Whether picking berries or hunting game, humans have long wanted to know who found the most and who got the biggest. That said, we've come a long way since the days of notching mammoths on the cave wall. Scoreboards have gone from slates upon which points were tallied to technological marvels capable of displaying not only the score but also high-definition video replays in 100,000-seat stadiums. Here's a look at how scoreboards have evolved:
The standard chalk-and-slate scoreboard shows the Eymard Seminary baseball team's win over the Don Bosco team by a score of 8 to 7.
Humble beginnings in the Ivy Leagues
The advent of the country's first manual scoreboard that went beyond chalk and slate is placed somewhere around the late 1800s. Harvard University claims it unveiled the country's first football scoreboard on Thanksgiving Day in 1893. The board tallied the Crimson's win over Ivy League rival the University of Pennsylvania. Penn, meanwhile, claims its own Franklin Field — the oldest football stadium still in operation, according to the NCAA — as the site of the nation's first scoreboard reveal in 1895.
"There are some ballparks that still like that nostalgic look of the manual board," says Randy Uehran, engineering manager at Daktronics. "They'll run them in addition to their digital displays. They actually have a guy inside who's monitoring the game and then they go up and change the number. It's totally manual." The lower portion of the Boston Red Sox' famed "Green Monster" is one such throwback still in operation.
It wasn't until the early 1900s that the electric scoreboard emerged. Sports teams, however, didn't immediately adopt the technology, which would have been primitive by today's standards. Nevertheless, fans took to watching the novel electric scoreboards outside newspaper offices and in movie theaters, where scores were telegraphed by observers at the game to the board operators.
Yankees boast efficiency
In 1950, the New York Yankees unveiled what was then one of the largest electric scoreboards to date. The team called it the world's most efficient scoreboard because it could be run by just one person. That said, the Yanks' state-of-the-art board likely wasn't easy to operate. According to The New York Times, the board featured 11,210 lamps that ran at 115,000 watts. It weighed 25 tons and included a master console with 4,860 buttons.
The basic scoreboard that used standard incandescent lightbulbs had a long run. They were simple boards like this Fair-Play unit at the Rose Bowl in Pasadena, Calif. This was one of Fair-Play's first units to feature digital timing, which was introduced in 1949.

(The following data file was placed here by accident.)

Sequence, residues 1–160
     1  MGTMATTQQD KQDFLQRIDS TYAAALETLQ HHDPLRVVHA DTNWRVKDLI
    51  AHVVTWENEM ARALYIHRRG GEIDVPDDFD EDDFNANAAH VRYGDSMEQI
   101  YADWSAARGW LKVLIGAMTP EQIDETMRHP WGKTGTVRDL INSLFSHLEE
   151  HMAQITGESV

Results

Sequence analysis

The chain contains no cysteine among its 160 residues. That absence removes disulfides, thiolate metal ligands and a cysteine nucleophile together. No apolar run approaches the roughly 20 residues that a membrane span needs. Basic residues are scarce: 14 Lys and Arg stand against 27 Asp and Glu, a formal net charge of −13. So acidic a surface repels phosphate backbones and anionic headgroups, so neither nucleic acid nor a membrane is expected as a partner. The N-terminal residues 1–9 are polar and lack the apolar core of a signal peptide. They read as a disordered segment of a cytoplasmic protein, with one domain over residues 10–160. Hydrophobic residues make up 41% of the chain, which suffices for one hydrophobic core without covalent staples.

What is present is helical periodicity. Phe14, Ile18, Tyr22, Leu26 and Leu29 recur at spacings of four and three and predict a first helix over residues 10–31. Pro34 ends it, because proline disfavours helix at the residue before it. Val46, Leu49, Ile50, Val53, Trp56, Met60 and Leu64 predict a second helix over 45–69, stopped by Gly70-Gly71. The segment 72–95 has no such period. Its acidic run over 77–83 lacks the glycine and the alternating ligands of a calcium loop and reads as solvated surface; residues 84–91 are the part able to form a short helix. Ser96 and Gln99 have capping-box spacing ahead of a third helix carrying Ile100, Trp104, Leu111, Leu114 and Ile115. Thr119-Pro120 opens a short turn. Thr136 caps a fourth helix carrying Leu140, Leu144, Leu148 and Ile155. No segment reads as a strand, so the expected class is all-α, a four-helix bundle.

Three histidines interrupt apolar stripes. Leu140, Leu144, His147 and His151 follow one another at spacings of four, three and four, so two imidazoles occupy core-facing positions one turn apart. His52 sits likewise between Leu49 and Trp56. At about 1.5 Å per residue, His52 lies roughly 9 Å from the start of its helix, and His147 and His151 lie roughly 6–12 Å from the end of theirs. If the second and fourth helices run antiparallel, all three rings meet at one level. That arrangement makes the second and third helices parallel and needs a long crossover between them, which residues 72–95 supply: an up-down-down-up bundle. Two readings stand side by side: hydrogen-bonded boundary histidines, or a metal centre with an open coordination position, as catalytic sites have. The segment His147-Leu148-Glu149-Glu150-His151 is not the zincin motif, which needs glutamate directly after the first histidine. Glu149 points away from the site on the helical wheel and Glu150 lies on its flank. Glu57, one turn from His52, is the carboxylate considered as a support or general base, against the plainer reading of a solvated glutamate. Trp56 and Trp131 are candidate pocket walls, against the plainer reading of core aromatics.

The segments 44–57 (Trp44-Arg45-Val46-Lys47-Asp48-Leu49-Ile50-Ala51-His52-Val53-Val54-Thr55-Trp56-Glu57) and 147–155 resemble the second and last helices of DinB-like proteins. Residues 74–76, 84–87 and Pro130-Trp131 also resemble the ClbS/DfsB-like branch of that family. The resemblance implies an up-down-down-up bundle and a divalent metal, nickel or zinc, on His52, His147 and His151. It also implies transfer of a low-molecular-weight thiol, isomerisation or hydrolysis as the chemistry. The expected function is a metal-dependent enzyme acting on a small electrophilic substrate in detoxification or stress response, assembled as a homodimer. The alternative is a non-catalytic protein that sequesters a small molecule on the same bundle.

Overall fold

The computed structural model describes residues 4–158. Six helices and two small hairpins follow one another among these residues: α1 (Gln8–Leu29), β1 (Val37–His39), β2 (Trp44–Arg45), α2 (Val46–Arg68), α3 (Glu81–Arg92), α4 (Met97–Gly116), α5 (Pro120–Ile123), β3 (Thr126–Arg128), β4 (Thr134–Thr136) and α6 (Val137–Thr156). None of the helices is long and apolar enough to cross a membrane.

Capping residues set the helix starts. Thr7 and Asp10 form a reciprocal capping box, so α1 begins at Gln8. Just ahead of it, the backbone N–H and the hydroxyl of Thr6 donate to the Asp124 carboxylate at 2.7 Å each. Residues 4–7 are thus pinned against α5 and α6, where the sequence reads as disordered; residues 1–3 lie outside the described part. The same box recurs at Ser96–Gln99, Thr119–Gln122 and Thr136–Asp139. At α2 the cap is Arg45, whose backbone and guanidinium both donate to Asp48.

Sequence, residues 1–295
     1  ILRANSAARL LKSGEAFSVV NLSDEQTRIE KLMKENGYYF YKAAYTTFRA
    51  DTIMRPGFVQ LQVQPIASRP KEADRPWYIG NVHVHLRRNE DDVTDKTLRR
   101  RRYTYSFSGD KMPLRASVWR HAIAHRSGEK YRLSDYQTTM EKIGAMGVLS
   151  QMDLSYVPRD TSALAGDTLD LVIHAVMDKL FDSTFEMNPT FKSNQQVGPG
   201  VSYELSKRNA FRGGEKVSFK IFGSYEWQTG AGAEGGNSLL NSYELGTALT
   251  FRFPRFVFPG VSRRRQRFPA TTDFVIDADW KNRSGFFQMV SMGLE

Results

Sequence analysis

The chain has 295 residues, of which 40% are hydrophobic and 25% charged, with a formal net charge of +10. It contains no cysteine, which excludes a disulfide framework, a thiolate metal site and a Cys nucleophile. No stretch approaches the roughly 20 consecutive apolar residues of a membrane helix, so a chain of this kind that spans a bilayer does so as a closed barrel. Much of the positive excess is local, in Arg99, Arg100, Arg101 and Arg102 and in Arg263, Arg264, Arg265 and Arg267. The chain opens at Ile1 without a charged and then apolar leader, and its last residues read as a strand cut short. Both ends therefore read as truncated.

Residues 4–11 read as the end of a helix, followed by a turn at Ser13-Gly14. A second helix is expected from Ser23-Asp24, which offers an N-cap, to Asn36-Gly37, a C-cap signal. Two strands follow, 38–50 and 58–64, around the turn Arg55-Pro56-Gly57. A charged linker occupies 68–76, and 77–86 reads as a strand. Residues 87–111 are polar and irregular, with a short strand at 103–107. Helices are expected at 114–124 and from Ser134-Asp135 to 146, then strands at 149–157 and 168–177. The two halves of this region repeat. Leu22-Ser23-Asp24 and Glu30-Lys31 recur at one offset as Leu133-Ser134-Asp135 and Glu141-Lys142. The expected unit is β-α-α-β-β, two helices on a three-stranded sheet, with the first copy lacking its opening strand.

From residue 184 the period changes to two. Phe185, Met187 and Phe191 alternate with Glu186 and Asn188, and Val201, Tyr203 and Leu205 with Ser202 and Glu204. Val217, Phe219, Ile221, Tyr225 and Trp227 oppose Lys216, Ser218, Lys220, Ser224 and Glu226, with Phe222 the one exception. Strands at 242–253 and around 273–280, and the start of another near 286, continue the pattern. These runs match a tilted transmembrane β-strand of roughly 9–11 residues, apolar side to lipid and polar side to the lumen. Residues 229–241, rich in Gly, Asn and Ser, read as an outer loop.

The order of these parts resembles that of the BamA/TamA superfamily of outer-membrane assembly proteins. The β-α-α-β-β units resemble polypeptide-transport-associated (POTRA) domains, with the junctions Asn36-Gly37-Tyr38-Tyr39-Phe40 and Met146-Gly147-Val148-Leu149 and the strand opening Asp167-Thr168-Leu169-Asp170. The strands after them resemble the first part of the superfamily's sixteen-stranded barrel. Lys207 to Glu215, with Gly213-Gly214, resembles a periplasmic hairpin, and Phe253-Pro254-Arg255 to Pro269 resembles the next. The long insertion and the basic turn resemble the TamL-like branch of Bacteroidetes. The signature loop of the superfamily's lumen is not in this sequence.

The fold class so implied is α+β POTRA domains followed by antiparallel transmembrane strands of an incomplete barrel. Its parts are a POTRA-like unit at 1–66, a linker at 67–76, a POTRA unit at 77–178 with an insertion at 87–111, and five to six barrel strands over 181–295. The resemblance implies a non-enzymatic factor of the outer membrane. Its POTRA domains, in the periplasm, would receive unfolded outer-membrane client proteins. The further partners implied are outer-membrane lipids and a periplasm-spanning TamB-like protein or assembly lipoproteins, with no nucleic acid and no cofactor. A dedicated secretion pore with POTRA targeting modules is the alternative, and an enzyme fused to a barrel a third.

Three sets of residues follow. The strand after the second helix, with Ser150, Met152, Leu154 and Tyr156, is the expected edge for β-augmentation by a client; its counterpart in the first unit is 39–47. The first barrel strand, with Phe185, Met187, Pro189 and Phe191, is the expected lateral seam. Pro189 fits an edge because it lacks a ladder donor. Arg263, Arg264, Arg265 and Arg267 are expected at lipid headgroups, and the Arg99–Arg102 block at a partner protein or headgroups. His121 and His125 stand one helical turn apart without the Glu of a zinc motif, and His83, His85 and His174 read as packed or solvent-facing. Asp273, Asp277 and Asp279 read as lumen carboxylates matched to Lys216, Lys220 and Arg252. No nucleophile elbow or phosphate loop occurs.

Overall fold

At long last LED
LED scoreboards like this one from Daktronics at St. Claire High School are now the standard. They are more energy efficient, with longer-lasting bulbs and a greater selection of colors.
High schools and smaller colleges were long priced out of the video display market, but that's changed significantly in recent years. The price difference between a conventional scoreboard and an LED video display is now negligible. More schools are opting for video displays, which offer a variety of revenue-generating advertising options, social media integration and multimedia effects, all of which increase fan and community engagement. The change allows for big-league tech at smaller venues. "We're actually putting a better product in high schools today than what was in the big stadiums just 10 years ago," says David Sutter, chief creative officer for ScoreVision.
Dallas goes Texas big
In 2009, the Dallas Cowboys made the Guinness World Records with a four-sided, center-hung, high-definition video display at AT&T Stadium. Mitsubishi's Diamond Vision® LED technology was used for the two main sideline displays, which measure 72 feet high by 160 feet wide, and two Diamond Vision end-zone displays measuring 29 feet high by 51 feet wide. Weighing 600 tons, the screens are suspended 90 feet directly over the center of the playing surface and stretch from nearly one 20-yard line to the other.
Over the top, state of the art
It's the length of three football fields and wrapped into an inner "halo" high above Mercedes-Benz Stadium in Atlanta. Engineered by Daktronics, the massive video display was installed in 600 pieces and measures 58 feet high by 1,075 feet in circumference, amounting to 61,900 square feet of display space. It is more than five stories high and nearly three times larger than the next-largest display in professional football.
Before and after
Colorado Time Systems took the University of Minnesota's natatorium from a 9-by-12-foot, 35-millimeter pixel board to a 10-by-18-foot, 12-millimeter video display and a 10-by-19-foot, 23-millimeter board for scoring.
Scoring goes HD
Parent company Trans-Lux supplied this high-definition TL Vision display mounted above a Fair-Play fixed-digit LED board at Greenwood High School in Greenwood, S.C. It's a perfect example of high-tech scoring and multimedia at the prep level.
Big tech, small school
Strake Jesuit High School in Houston recently upgraded to a 34-foot-tall high-resolution video display that utilizes modern applications and a cloud-based infrastructure to serve up a variety of digital content.
Fixed-digit still in play
While video displays are growing in popularity, there's still a robust market for fixed-digit LED boards like this one from Varsity Scoreboards at Tank Memorial Stadium in Ironton, Ohio.
This article originally appeared in the November|December 2017 issue of Athletic Business with the title "Keeping Score, Evelution of the scoreboard." Athletic Business is a free magazine for professionals in the athletic, fitness and recreation industry. Click here to subscribe.